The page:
Simon Bestwick's Statistics

My friend Simon Bestwick’s latest blog entry (click here to read it for yourself) is an interesting little essay about him sorting through old stories to hopefully put together a new collection (which’d be very nice). The biggest revelation was that he has written over 190 short stories.

Bloody hell! He has a couple of years publishing headstart on me but even so, my credits pale against his. I checked through my records today and these are the stats:

Including non-genre, I have written 67 short stories.

Of those (including non-genre), I have seen 54 of those published (a not at all bad 81% success rate).

Of the unaccounted for, 4 of those are at a really odd length (in fact, I now realise they’re novelettes) and two are currently ‘circulating’.

Simon talks about the heyday of the British small press and I share the same views - in fact, at the weekend, I found a stash of ‘Sackcloth & Ashes’ and it was very interesting looking through the credits for each issue. I shared space with some very good writers, a lot of whom - I’m pleased to say - are still publishing today. There are many others, of course, whose names I haven’t seen in ten years - what happened to them, do you think? Did they just stop writing, or move into a different genre?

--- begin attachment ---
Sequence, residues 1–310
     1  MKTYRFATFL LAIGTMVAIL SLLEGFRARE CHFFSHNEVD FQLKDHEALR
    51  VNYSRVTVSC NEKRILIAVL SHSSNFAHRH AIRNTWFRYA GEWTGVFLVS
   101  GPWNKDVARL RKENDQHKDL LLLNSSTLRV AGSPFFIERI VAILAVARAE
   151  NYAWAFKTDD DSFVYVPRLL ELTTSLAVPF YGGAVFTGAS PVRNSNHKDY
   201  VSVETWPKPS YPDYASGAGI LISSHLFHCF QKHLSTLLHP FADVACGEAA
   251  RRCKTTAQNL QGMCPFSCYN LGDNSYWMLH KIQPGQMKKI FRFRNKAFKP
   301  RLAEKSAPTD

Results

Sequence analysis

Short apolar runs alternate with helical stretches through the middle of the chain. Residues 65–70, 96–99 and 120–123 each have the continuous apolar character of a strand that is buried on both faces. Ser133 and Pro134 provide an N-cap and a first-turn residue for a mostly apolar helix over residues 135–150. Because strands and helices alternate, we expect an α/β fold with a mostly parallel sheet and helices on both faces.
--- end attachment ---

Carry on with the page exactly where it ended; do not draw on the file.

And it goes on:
Anyway, between Simon and Gary McMahon - whose work rate should be an example to us all - I feel like a real slouch. But hopefully not for long because, this morning, I started the plan/synopsis for the lost film novella.

I’ll keep you posted as to progress.

Monday, 6 September 2010

State of play

Okay, this is where I am now:

* Chris has signed off on the last of the illustrations for the “Tourniquet Heart” pdf, which is good.
* My diary is now up to date